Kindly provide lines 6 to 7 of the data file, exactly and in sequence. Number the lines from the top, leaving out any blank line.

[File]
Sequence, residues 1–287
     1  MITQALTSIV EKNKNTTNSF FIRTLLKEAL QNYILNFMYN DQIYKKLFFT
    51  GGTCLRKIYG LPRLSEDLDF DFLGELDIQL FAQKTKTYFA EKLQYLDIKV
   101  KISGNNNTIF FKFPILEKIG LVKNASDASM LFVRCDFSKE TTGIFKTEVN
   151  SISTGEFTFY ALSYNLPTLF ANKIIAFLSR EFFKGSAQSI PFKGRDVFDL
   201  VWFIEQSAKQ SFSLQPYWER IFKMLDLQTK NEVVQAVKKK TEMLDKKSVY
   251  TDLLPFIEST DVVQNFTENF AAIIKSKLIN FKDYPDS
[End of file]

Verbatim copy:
   201  VWFIEQSAKQ SFSLQPYWER IFKMLDLQTK NEVVQAVKKK TEMLDKKSVY
   251  TDLLPFIEST DVVQNFTENF AAIIKSKLIN FKDYPDS